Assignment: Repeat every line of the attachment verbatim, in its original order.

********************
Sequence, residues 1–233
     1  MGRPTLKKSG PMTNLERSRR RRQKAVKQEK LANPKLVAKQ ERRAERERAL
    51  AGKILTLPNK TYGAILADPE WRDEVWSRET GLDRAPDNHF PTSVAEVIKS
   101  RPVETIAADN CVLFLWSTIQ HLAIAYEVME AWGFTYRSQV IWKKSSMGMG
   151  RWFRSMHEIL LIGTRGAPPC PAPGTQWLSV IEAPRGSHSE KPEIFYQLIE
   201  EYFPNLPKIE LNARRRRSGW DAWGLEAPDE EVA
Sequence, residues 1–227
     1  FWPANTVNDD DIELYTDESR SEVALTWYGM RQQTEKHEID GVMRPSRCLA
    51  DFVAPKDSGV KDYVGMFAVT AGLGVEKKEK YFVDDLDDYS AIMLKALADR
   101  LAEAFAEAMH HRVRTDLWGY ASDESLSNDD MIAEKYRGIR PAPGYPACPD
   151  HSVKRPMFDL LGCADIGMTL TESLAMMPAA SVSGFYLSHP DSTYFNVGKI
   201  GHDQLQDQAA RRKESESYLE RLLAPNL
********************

Sequence, residues 1–233
     1  MGRPTLKKSG PMTNLERSRR RRQKAVKQEK LANPKLVAKQ ERRAERERAL
    51  AGKILTLPNK TYGAILADPE WRDEVWSRET GLDRAPDNHF PTSVAEVIKS
   101  RPVETIAADN CVLFLWSTIQ HLAIAYEVME AWGFTYRSQV IWKKSSMGMG
   151  RWFRSMHEIL LIGTRGAPPC PAPGTQWLSV IEAPRGSHSE KPEIFYQLIE
   201  EYFPNLPKIE LNARRRRSGW DAWGLEAPDE EVA
Sequence, residues 1–227
     1  FWPANTVNDD DIELYTDESR SEVALTWYGM RQQTEKHEID GVMRPSRCLA
    51  DFVAPKDSGV KDYVGMFAVT AGLGVEKKEK YFVDDLDDYS AIMLKALADR
   101  LAEAFAEAMH HRVRTDLWGY ASDESLSNDD MIAEKYRGIR PAPGYPACPD
   151  HSVKRPMFDL LGCADIGMTL TESLAMMPAA SVSGFYLSHP DSTYFNVGKI
   201  GHDQLQDQAA RRKESESYLE RLLAPNL